Dr. Laris recalls the concerns that patients typically have about hair transplants.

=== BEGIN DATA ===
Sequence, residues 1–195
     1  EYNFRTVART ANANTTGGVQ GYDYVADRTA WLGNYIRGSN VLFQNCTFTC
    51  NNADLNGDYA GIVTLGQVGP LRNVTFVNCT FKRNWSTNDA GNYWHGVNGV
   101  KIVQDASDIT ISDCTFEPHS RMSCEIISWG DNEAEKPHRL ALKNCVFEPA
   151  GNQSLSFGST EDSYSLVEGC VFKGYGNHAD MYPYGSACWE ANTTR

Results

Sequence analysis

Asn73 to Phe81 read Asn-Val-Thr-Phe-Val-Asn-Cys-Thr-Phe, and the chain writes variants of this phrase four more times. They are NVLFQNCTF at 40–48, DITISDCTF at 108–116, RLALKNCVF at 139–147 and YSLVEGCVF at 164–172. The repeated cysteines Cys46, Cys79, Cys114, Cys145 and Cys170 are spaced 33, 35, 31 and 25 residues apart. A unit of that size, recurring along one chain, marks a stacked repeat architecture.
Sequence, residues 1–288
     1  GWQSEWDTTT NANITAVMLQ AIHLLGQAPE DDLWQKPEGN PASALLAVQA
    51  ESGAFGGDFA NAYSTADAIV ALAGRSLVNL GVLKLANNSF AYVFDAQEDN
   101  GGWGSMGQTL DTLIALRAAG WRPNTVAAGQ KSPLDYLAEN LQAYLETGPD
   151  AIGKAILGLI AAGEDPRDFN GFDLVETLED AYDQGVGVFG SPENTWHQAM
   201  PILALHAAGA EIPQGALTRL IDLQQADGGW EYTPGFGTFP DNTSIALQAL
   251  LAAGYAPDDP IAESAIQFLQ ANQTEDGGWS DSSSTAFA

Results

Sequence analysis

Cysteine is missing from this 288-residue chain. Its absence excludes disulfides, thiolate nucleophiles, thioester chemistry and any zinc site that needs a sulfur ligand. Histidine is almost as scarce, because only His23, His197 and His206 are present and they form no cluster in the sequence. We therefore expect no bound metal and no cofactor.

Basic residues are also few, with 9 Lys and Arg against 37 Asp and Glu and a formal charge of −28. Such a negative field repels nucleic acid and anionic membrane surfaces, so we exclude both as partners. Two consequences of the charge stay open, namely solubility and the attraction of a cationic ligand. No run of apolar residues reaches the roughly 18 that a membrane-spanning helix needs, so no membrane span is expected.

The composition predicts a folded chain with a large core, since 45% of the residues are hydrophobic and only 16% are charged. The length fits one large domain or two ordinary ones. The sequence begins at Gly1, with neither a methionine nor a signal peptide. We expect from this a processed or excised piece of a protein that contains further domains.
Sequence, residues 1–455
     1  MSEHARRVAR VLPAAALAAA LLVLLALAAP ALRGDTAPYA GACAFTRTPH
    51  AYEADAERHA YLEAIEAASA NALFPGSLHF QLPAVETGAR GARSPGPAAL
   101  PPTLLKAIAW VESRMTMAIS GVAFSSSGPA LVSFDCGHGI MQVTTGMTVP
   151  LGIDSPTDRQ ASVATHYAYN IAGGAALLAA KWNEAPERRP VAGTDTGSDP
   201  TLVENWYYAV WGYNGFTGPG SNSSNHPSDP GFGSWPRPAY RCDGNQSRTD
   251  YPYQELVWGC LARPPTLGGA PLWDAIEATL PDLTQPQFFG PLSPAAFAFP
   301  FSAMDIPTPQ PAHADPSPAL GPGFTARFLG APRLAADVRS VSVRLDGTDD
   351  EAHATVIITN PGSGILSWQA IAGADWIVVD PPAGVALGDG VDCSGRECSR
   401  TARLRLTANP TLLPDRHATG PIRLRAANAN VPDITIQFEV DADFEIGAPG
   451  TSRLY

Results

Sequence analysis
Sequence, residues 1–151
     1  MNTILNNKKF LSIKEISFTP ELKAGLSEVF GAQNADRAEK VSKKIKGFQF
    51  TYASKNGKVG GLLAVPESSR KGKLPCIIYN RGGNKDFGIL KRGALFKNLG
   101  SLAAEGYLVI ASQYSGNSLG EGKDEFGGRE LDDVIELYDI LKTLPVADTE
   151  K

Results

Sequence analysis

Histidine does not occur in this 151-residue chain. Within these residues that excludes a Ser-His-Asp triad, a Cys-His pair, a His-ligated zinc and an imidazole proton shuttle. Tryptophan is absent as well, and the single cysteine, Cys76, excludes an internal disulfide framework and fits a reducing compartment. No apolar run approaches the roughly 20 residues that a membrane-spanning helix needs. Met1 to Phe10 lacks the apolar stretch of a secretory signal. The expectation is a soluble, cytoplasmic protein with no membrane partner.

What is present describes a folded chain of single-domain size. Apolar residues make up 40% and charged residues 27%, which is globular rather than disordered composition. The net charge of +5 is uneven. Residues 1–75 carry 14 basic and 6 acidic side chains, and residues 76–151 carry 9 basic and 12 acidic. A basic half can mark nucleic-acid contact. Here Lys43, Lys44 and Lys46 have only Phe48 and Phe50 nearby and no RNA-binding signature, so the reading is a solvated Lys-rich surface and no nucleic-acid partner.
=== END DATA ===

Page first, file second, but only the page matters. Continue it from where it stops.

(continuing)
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Typical Patient Concerns Hair Transplant When I consult with patients about hair transplantation they want to know how long is the procedure going to take? Exactly what kind of pain they are going to go through, and what it’s going to be like afterwards? As far as length of time, it depends how many grafts we are going to do in a procedure. Each session will be varying in accordance the amount of hair that that woman has lost. So a small session, maybe 400 or 500 grafts will take us two hours and the largest session of a few thousand grafts may take us four to six hours. Pain is a common concern and I always tell our patients that pain isn’t a big issue with this. We give some valium beforehand that helps relax the patient and then we use local anesthetic. In the back where we are taking the strip from, the local only takes about a minute to two to place so there’s some discomfort for that and then when we take a strip of skin in the back there’s no pain at all. We suture the back and turn the patient over. The patient relaxes, usually watches a movie or listens to music while we are separating those grafts. That process can take an hour and a half or two hours. Once those grafts are separated, then we take the grafts and place them in those little recipient sites. Before we do that we numb up the front of the scalp. That takes about three or four minutes to do. So pain, we’ll call it discomfort only is five or seven minutes of the whole procedure, the rest of the time the scalp is numb and you don’t feel a thing. After the procedure is done, we wrap the scalp with a little bandage and the patient’s released with some pain medications for that evening. Usually it’s the back of the scalp that has discomfort rather than pain but that’s the place that hurts if it’s going to hurt at all and the pain medications take care of that. The front kind of stays numb, so they usually don’t have pain in that area during the first night. That evening they will go home and eat normally. We will ask them to sleep, propped up on a few pillows at a 45 degree angle so it helps prevent excessive swelling. The next morning we will have them come to the office. We remove the bandage, clean the area, make sure everything is perfect. We actually shampoo the patient that day and send her home with instructions on how to take care of the scalp from then on. The first four or five days are the most important but from the day after the surgery is done and each day thereon you can actually shampoo your hair and if you’ve got some decent existing hair, cover up what we’ve done. So there’s really no need to let anybody know you had this done. There’s really no evidence after the day that we do it that there’s been a transplant done unless you have complete loss. Men have it worse that way than the women but for thickening hair, for women with just starting to have loss or even some significant loss you can cover up fairly well. I like to tell my patients that if you’d like to cover the scalp you can wear a hat or a scarf afterwards, even the day after surgery. So a lot of women will come in, they will come in, get shampooed, just throw a baseball cap on or a scarf and go out. And with that, no one will ever know you’ve had anything done. With some creative styling for the first few days, you can cover without even using a scarf. So the after effect, the downtime of hair transplantation usually isn’t difficult at all.
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